@It'sNotALie. Can you implement methods in an interface? – Vincent van der Weele Aug 7 '13 at 7:24
@Heuster No, you can't, as I mentioned in my answer. However, this answer doesn't seem to mention it... – It'sNotALie. Aug 7 '13 at 7:25
an interface does not allow you to put any implementation in it, so you wouldn't be able to put the OpenDoor method implementation – Ned Stoyanov Aug 7 '13 at 7:26
@NedStoyanov I know, but you don't mention it in your answer. – It'sNotALie. Aug 7 '13 at 7:34

So that the base class defines the implementation. If the Implementation is common across all the derived classes it makes sense to keep it in the abstract class not duplicate the code in the derived class.

See this link, has some useful info about this

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Just to auto implement things for them, so for example provide a default implementation of GetHashCode, or maybe ToString. Also, it allows for you to add a method to an interface that the abstract class implements, provide a default implementation, and then nothing breaks, instead of the other option where every class breaks and you have to fix all of them manually.

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Both of GetHashCode and ToString can be overridden. Why not mark it as virtual? – Fendy Aug 7 '13 at 15:30

abstract classes, at all, are more of a logic class to inherit from rather than use it as basic for inheritance, you can use abstract class to tell all who inherits from it to have a certain property or a specific method to do, Interfaces can do exactly that.

Lets say I have a mammal class, but a mammal class is just an abstract class, there is no real animal that is of a kind of a mammal, although there are many animals ( including humans) that inherit "properties" from it.

Again, abstract use is definitely up for the developer choice.

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Abstract classes with abstract members are meant to be used polymorphically. Abstract classes with only concrete members would be used if you wanted to share common methods with subclasses, perhaps even a specific construction sequence (as in having the abstract class's constructor do setup that's "housekeeping").

It's a weaker form of coupling than polymorphic subclasses, and I can't think of a time I've run across it myself.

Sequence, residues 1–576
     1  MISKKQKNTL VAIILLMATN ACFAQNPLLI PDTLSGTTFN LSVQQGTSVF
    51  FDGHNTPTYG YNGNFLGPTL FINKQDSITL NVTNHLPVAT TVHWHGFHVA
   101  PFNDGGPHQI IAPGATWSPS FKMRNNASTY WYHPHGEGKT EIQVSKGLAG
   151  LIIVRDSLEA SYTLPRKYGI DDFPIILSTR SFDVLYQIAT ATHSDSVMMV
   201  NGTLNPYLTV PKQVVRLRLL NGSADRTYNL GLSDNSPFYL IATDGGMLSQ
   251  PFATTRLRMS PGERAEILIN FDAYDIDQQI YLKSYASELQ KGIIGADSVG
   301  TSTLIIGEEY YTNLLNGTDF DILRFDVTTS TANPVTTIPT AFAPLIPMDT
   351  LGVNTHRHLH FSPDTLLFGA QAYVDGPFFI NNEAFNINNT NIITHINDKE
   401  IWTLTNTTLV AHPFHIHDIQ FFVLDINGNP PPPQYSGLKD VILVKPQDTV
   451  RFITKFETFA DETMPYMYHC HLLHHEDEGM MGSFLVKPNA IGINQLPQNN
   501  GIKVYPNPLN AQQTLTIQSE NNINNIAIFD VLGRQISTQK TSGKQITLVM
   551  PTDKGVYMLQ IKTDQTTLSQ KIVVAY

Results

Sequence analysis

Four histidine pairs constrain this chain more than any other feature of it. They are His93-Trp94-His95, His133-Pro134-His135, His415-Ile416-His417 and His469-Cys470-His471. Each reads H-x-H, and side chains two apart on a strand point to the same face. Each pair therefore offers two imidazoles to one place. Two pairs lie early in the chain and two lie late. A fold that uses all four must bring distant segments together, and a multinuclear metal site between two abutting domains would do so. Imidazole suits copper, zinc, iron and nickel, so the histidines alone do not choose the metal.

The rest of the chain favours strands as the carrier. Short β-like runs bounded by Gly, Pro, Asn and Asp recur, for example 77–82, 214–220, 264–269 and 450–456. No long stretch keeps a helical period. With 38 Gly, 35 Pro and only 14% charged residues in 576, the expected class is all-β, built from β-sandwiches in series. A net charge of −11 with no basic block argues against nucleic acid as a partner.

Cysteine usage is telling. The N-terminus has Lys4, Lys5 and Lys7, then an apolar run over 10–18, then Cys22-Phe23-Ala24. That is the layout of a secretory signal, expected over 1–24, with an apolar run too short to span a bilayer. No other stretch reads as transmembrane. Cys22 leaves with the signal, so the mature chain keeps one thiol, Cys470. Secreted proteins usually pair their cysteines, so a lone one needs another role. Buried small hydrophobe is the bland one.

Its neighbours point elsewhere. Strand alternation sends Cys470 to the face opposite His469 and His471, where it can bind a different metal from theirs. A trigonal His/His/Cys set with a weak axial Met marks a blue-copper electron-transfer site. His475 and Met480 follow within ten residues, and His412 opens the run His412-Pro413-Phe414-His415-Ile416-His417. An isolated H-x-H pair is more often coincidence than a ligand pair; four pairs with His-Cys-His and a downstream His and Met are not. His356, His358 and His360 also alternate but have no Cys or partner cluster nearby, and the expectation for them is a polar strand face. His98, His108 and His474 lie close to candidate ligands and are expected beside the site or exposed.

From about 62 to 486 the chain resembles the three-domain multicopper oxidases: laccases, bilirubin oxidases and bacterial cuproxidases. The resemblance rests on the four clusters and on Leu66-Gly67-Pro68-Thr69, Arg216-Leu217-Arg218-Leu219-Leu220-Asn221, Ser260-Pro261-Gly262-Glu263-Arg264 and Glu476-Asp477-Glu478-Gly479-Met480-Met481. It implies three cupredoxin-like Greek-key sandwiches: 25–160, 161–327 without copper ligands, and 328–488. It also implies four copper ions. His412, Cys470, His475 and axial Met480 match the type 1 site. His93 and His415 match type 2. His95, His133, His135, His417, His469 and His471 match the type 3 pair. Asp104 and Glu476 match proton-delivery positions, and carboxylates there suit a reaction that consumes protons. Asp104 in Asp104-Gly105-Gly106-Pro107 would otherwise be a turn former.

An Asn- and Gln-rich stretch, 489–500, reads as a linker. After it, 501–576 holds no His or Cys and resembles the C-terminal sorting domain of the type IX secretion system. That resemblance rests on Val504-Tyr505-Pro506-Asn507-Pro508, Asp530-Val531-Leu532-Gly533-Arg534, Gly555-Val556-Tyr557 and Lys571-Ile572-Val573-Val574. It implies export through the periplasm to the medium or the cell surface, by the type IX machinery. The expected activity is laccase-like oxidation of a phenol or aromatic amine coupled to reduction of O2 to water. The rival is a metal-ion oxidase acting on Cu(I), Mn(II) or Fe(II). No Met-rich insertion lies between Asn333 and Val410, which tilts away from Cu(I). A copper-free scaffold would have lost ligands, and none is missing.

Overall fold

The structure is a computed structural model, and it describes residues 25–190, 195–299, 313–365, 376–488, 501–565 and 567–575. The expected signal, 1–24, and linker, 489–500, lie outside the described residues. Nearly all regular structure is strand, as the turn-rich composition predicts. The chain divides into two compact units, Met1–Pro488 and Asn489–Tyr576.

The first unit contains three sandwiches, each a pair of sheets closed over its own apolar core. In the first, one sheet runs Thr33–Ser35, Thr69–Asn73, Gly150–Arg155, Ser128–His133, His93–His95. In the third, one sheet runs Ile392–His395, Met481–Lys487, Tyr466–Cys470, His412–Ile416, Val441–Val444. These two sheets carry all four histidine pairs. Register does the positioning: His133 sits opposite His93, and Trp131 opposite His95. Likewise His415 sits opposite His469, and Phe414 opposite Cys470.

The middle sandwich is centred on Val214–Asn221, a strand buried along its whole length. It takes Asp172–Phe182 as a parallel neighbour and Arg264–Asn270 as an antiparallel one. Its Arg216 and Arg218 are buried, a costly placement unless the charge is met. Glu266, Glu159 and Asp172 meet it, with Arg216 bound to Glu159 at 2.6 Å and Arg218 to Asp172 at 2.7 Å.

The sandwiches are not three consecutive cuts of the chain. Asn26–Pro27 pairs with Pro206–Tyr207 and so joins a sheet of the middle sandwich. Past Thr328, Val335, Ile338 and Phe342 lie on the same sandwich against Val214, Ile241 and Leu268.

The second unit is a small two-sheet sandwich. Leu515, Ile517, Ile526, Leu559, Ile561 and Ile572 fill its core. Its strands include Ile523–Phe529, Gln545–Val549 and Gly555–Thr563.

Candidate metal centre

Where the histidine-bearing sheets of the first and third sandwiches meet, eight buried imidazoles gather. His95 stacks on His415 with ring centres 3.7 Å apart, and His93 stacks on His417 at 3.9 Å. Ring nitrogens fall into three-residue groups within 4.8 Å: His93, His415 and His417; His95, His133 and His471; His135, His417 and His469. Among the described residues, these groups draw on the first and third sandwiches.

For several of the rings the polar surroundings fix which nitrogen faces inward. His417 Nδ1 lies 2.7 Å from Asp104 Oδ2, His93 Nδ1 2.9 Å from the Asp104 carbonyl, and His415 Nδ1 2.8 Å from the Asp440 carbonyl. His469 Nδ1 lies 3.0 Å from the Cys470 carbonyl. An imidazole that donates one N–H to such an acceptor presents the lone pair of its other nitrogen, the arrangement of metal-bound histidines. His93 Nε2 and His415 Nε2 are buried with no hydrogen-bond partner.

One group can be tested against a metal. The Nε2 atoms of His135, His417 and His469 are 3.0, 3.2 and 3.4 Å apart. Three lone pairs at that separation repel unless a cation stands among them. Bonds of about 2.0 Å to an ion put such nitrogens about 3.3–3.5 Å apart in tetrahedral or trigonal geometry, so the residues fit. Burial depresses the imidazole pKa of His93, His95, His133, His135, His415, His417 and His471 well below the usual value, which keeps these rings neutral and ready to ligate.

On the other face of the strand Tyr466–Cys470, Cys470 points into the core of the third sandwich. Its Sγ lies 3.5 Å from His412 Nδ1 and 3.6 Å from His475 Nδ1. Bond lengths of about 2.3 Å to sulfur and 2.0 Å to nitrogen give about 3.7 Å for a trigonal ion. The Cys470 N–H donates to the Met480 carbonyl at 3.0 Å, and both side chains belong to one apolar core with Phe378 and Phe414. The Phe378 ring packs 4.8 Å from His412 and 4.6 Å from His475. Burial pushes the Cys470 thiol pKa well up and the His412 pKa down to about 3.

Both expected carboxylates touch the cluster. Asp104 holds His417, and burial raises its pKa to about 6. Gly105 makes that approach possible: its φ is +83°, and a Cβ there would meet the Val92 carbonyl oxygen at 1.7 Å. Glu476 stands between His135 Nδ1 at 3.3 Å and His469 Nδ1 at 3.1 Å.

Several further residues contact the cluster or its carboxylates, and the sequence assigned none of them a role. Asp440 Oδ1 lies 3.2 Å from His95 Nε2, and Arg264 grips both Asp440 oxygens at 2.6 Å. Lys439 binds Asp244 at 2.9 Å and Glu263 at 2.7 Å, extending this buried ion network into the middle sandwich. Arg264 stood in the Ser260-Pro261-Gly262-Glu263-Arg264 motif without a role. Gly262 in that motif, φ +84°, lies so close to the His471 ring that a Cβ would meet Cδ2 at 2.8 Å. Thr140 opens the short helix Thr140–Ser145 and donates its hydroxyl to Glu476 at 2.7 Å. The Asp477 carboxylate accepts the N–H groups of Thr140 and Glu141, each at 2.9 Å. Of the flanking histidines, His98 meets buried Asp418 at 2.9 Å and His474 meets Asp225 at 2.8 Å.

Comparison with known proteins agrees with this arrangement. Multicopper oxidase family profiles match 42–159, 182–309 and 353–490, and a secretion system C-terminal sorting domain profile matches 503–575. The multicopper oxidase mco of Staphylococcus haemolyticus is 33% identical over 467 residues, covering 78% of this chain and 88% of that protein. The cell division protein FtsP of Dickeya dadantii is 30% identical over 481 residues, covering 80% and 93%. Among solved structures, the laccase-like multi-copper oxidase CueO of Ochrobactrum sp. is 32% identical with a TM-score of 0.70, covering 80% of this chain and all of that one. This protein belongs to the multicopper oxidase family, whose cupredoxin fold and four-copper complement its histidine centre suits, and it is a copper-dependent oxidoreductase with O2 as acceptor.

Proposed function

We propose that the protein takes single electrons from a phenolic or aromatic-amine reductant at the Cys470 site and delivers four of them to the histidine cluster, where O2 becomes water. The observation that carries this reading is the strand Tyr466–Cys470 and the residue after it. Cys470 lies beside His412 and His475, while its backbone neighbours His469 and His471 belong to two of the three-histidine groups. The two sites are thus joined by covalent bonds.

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Abstract class serves as a template (may or may not provide default implementations) while child could overwrite anything he does not like, or additional methods/properties/etc.

a very interesting scenario is type constraint inheritance:

public abstract class MyClass
    public void DoSomething()
        Console.WriteLine("blah blah");

public class MyClass<T>: MyClass
    public T GetSomething()
        // return null as T;

you may see the default implementation is at the base class.

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This is indeed a common pattern for lists of MyClass objects because the generic classes otherwise have no shared base class that can be used (except object). – Maurice Stam Aug 7 '13 at 7:32

Interestingly, static classes in C# are in fact sealed and abstract ones. The purpose in this very case is clear: allowing to declare static methods only.

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While true, that doesn't really apply to the (non-static) question – Marc Gravell Aug 7 '13 at 7:23

Often the base class is used to provide just common functionality. Depending on your design this common functionality can be implemented without dependencies on members. In this case usually the subclasses don't need any common members. In you example the House class of objects is used for simple actions and I assume you don't need any common state of the house such as number of floors, type of walls (wood, bricks, etc.). Seeing such a class makes me think "OK, this class isn't holding any state of the object. It just performs some action"